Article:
The 300 Spartans takes us back a few thousand years to the invasion of the Persians. This film was a 1962 masterpiece that was shot near the Corinth canal, unlike the Frank Miller-inspired 300 which was made elsewhere.
It is an ill wind, proverbially, that blows nobody any good. Terrible and ghastly as were the tragic events of 9/11, they have also, I believe, provoked a salutary spate of Western reflection on just what it is to be ‘Western’, on what ‘Western civilization’ is or might be. The process of re-examining and rethinking what is distinctive and admirable – or at any rate defensible – about Western civilization, values and culture seems to me both to have been in itself a wholly good thing, and to have had some notably positive outcomes. One ancient Greek exemplar of that civilization, Socrates of Athens, is famously reported by Plato to have said that ‘the unexamined life is not worth living for a human being’. Rarely has the need for such cultural self-examination been more compelling.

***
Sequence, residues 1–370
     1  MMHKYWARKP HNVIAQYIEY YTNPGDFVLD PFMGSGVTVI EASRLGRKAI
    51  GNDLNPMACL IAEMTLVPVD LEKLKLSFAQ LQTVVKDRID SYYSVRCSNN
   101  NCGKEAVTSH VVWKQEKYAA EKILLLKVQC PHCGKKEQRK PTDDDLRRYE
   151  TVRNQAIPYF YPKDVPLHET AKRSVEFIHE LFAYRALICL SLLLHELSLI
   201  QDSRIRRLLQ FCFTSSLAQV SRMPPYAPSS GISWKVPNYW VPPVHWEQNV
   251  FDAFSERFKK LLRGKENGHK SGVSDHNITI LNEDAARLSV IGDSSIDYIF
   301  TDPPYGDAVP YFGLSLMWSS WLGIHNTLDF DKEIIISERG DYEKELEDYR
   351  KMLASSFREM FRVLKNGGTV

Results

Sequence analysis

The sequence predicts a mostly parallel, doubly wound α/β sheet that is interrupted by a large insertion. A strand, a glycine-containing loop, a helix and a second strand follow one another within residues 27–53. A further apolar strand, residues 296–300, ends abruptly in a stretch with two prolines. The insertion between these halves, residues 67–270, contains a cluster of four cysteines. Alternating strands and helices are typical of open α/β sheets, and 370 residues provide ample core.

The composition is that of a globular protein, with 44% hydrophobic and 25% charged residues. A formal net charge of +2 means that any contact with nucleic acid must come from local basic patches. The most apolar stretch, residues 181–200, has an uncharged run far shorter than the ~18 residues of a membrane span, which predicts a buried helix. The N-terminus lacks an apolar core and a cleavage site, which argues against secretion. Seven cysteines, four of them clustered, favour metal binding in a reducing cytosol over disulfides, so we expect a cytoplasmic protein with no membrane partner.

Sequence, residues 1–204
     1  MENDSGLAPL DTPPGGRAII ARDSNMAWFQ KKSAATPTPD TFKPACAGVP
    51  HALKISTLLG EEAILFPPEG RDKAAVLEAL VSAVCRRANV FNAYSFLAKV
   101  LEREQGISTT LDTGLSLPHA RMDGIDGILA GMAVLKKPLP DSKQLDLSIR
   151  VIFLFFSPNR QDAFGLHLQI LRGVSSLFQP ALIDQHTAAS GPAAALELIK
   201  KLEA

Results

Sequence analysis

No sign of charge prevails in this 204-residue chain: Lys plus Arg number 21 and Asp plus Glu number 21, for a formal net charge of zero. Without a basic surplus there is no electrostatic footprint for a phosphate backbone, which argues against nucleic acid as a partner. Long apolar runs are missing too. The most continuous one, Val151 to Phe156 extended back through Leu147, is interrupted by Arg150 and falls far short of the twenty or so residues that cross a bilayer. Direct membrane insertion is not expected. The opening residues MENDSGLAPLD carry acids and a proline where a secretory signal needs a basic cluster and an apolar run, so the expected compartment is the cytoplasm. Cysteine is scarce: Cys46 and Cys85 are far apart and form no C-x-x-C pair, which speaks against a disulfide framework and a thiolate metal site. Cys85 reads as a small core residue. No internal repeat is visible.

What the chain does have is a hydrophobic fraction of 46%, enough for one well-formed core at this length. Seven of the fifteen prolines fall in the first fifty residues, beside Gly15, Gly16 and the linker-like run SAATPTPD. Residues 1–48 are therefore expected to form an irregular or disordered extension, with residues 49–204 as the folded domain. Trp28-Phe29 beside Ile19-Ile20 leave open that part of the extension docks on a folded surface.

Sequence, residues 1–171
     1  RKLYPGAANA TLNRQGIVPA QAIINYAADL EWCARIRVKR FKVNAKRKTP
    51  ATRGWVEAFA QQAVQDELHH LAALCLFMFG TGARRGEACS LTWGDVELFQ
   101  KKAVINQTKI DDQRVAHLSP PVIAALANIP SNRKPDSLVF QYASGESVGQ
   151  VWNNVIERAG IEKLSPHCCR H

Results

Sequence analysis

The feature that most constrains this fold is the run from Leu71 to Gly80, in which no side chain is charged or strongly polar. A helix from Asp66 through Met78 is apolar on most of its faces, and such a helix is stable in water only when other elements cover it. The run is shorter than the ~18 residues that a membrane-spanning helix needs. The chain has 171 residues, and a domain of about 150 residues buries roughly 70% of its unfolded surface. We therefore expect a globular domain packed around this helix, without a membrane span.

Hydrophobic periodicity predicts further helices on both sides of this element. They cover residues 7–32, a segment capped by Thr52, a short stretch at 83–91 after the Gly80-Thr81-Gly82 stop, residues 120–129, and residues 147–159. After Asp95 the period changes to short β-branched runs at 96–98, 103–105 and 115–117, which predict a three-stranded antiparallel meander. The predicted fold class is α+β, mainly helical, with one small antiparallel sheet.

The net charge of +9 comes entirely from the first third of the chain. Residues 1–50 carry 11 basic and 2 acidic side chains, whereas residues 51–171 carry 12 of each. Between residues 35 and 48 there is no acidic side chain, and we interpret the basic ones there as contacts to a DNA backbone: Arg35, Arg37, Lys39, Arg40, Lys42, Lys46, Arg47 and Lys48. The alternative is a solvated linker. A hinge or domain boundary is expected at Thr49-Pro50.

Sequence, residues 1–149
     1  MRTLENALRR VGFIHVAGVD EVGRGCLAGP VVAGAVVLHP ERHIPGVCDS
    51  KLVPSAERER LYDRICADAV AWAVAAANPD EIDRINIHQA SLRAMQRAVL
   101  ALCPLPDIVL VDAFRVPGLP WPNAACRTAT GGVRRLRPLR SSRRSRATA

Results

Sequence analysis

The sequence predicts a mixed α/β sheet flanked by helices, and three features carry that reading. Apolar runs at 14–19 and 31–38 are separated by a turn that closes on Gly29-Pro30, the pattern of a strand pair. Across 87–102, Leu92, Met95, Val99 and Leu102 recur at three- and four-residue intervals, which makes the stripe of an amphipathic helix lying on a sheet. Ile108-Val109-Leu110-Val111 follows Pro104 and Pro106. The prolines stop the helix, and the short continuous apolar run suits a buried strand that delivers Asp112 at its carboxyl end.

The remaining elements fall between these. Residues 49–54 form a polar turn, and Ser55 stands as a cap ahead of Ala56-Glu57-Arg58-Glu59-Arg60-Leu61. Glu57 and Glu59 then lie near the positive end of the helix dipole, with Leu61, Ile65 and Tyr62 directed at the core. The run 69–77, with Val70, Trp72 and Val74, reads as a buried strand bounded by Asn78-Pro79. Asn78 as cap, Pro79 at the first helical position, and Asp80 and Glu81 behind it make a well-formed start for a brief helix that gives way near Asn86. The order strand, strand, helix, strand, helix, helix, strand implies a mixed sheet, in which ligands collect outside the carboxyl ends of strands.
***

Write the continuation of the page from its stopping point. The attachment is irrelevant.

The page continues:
For instance, it makes us realize that we in the West do not necessarily have all the best tunes. Concepts and practices often imagined to be uniquely ‘Western’, such as reason, freedom and democracy, have had, and still do have, their active counterparts within Eastern cultures as well. Indeed, the tradition of Western civilization has been decisively shaped or enriched by Eastern – including, not least, Islamic – contributions. Had it not been for Arabic scholars, in both East (especially Baghdad) and West (Moorish Spain), in what we conventionally call the Middle Ages, a number of key works of Aristotle would have been lost to us, and Aristotle is about as central to any construction of the Western cultural tradition as it is possible to get.